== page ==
By Will Barclay
Last month, Gov. Kathy Hochul approved a long-overdue measure to restore the comptroller’s office with oversight of state contracts. This is great news and is an important first step in restoring New York’s proper checks and balances. As such, lawmakers and good-government groups across the state applauded the decision to, again, permit this additional protection of taxpayer funds. However, many questions and concerns remain, including why it took so long to right this wrong and how we can ensure such a lapse in protection does not happen again.
The balance of power and responsibility between the branches of government and their respective components is an important part of what makes any healthy government work well. During the initial stages of the COVID-19 outbreak, it was prudent to give the executive’s office the needed authority to respond quickly to a rapidly evolving emergency. When that emergency was over, though, it took far too long to fully restore that balance of power.
In the wake of the emergency, New York State was forced to endure many high-profile scandals, including a pay-to-play scheme involving $637 million worth of COVID-19 test kits purchased at nearly twice the market value from one of the governor’s biggest campaign donors. If normal protocols had been in place, particularly contract review and oversight by the comptroller’s office, this example of blatant corruption and abuse of taxpayer money might have been avoided altogether.
Going forward, lawmakers need to investigate what happened during the COVID-19 pandemic, what happened after the outbreak was no longer a public health emergency and what options the body has to prevent similar abuses of power from taking place in the future. To that end, the Assembly Republican Conference made countless calls for legislative action and wrote to state leadership to address the issue. Unfortunately, Democrat state leaders sat silent, seemingly content to look the other way rather than address head-on the governor’s willingness to take advantage of the relaxed procurement process.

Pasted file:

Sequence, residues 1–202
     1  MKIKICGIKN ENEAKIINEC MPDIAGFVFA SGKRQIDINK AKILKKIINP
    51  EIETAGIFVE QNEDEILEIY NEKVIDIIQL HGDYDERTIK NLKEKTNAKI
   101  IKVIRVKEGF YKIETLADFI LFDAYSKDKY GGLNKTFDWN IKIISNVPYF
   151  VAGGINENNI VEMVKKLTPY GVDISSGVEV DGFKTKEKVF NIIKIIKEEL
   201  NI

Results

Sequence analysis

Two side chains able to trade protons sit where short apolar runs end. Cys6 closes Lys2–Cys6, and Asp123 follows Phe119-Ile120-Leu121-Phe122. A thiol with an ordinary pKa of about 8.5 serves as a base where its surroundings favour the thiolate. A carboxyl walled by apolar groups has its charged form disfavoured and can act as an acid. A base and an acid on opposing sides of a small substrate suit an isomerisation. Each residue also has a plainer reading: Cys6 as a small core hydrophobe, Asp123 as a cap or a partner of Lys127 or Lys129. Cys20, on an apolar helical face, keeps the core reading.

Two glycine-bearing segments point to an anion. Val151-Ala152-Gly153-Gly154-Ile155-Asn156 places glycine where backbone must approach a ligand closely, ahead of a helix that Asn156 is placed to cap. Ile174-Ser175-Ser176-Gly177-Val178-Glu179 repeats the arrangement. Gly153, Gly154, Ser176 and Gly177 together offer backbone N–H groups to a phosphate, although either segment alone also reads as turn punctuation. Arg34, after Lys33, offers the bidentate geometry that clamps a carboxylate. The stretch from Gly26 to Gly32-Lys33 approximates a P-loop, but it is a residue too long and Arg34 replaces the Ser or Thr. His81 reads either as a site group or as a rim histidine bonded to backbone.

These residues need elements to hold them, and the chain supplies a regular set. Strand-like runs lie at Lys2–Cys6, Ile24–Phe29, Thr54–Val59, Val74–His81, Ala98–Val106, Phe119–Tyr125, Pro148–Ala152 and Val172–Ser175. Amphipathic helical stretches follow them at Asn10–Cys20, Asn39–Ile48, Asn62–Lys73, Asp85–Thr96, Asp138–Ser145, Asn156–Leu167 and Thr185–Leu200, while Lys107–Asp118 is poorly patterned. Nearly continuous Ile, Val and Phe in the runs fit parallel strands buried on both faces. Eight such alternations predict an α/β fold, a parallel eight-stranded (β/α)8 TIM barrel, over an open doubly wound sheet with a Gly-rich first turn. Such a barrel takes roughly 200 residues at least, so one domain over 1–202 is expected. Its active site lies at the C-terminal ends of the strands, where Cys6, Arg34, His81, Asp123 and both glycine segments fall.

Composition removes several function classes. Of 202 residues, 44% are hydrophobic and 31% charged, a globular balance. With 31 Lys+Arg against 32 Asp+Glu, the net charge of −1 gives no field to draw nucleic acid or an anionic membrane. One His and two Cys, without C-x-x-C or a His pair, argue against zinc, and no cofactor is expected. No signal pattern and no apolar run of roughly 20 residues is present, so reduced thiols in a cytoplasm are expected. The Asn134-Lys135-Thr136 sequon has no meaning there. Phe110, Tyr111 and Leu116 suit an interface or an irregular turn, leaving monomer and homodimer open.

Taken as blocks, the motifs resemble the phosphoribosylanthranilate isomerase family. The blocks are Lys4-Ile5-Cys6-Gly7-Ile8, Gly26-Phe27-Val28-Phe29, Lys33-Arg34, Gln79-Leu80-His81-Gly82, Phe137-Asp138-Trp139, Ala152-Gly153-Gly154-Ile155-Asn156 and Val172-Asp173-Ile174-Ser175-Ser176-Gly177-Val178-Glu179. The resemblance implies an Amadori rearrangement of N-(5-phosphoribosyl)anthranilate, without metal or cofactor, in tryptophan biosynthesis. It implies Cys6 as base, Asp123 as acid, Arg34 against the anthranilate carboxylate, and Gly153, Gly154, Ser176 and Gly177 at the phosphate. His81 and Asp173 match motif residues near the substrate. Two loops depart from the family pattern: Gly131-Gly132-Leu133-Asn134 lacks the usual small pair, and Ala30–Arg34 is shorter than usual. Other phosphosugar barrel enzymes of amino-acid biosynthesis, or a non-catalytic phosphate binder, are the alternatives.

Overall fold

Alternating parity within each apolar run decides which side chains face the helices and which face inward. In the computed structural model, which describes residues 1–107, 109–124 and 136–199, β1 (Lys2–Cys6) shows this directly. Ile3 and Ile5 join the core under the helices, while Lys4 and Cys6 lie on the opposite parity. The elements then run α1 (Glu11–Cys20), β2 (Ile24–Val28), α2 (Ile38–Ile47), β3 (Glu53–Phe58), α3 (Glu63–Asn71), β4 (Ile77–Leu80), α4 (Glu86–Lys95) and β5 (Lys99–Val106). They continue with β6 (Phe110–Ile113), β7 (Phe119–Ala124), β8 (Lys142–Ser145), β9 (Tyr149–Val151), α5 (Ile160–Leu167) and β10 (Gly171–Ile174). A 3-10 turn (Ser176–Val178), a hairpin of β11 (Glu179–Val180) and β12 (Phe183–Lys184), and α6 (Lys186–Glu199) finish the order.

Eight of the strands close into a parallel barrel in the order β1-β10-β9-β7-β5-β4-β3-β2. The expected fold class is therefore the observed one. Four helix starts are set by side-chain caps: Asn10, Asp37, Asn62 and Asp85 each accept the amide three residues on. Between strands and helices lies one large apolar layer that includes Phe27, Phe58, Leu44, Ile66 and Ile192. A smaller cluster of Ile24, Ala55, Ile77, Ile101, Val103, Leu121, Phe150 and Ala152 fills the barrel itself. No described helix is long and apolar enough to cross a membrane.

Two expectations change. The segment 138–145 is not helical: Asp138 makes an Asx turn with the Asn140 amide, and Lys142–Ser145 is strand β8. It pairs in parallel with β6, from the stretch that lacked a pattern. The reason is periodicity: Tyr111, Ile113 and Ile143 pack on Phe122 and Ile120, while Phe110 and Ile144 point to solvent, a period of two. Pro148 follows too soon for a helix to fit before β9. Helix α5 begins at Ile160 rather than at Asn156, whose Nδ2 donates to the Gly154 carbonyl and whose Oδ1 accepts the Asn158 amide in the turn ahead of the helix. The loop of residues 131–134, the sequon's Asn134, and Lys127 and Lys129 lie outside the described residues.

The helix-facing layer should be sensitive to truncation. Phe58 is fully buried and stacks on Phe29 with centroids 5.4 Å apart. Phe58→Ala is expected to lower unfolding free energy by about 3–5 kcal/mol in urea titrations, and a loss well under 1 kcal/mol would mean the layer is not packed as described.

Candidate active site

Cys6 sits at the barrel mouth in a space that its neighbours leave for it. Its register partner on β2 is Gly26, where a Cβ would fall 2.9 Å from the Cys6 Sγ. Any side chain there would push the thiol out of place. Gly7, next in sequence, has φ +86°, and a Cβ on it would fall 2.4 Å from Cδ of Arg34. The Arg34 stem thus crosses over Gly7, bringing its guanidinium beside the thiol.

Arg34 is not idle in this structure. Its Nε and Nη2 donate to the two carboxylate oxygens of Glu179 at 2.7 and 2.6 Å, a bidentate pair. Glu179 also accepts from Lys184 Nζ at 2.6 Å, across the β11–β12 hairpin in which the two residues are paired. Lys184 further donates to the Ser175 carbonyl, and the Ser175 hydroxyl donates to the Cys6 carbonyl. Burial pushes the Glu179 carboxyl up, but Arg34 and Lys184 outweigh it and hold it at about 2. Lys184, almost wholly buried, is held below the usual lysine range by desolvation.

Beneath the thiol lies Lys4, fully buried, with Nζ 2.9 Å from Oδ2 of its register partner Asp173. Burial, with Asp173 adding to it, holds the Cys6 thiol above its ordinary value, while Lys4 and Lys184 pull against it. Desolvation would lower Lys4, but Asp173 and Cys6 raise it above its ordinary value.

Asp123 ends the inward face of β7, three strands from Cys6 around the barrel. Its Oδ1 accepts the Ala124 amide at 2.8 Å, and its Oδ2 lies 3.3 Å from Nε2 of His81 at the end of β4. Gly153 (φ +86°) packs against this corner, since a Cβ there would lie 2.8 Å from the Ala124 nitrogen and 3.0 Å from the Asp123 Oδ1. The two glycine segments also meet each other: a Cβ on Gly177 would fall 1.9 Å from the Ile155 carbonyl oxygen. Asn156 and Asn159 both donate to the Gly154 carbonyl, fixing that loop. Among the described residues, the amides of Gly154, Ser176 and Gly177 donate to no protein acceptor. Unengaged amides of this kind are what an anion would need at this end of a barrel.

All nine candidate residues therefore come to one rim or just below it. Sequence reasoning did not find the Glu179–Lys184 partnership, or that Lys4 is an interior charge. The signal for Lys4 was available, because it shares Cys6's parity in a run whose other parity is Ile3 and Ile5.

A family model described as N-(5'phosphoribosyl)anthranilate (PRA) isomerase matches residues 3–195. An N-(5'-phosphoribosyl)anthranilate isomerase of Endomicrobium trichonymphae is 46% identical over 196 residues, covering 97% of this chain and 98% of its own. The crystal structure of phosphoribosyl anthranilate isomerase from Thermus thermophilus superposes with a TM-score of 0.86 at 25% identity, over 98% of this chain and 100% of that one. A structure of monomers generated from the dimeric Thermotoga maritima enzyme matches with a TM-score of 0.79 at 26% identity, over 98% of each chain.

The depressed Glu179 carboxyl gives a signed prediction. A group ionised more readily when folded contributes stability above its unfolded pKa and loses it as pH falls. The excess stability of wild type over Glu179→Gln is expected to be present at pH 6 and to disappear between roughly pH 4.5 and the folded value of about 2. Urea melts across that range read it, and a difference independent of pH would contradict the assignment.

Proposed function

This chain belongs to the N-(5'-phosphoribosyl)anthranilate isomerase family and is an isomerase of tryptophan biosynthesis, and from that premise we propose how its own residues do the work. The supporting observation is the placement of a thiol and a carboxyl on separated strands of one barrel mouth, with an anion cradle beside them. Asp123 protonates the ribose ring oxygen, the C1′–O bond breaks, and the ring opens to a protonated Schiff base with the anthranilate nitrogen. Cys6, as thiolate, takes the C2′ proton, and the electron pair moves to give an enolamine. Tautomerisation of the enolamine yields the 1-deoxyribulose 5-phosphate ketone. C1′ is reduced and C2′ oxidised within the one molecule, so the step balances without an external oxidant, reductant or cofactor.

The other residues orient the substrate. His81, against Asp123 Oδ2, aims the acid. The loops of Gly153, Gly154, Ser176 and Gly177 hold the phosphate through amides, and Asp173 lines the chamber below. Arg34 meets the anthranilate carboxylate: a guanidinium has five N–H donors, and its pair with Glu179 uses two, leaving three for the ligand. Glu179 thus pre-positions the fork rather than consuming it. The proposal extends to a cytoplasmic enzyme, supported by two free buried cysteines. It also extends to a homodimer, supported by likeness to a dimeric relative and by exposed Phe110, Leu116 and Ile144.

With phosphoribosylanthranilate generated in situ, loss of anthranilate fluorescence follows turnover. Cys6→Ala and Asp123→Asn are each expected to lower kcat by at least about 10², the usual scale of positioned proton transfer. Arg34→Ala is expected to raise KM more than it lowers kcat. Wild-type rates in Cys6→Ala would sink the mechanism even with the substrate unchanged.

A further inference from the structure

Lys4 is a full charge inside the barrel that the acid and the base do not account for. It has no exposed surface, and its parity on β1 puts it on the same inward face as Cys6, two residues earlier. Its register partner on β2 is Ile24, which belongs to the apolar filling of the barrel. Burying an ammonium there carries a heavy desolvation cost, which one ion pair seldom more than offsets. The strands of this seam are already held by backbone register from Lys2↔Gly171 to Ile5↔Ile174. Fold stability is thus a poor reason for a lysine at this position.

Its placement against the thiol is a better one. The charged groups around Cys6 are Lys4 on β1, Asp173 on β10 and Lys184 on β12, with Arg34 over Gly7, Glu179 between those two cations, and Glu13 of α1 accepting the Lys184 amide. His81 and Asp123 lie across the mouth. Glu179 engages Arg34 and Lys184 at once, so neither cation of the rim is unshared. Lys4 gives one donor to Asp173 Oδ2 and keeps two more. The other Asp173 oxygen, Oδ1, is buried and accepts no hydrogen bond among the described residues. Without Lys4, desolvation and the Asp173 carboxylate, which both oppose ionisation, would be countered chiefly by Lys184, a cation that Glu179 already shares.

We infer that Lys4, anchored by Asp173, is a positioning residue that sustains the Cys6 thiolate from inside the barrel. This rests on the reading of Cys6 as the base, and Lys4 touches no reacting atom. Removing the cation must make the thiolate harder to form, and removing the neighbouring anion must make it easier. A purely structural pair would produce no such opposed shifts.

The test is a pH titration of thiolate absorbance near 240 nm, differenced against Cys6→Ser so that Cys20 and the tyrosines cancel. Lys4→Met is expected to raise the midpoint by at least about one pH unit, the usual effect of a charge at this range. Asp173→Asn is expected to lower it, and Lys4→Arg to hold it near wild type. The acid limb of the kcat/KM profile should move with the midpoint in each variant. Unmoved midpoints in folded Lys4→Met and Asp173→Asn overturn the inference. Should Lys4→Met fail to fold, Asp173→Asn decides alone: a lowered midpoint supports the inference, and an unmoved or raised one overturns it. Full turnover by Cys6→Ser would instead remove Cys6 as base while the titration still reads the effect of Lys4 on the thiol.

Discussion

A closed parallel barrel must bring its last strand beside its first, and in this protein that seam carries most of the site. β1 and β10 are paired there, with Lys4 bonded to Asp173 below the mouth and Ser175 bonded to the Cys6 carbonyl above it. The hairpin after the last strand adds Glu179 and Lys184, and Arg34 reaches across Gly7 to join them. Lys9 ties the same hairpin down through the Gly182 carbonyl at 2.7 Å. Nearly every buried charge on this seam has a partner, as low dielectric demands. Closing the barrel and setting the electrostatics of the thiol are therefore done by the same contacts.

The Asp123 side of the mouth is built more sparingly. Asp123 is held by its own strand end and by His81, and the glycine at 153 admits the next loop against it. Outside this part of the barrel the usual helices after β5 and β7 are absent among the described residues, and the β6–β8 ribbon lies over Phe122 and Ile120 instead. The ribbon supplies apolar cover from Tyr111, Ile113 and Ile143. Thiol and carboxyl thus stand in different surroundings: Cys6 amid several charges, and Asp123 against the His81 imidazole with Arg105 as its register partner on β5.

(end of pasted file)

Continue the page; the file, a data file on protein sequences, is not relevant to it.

There are many instances when it is clear immediate emergency actions are needed to effectively address a crisis. However, it is critical that normal fiscal processes are restored as quickly as possible once that threat has been eliminated. Good governance is a collective effort, and it requires multiple entities working together. Too much power in too few hands is toxic.
It’s important that the comptroller’s office will again review state contracts; after all, they represent the proper allocation of millions of dollars of taxpayer money. This is a great step in the right direction, but there is no doubt more should be done. In the coming weeks and months, I look forward to working with my colleagues in the Assembly and Senate to find ways to ensure New York’s government works fairly and with the best interests in mind for those who live here.
Will Barclay (R, C, I-Pulaski) is the Assembly Minority Leader.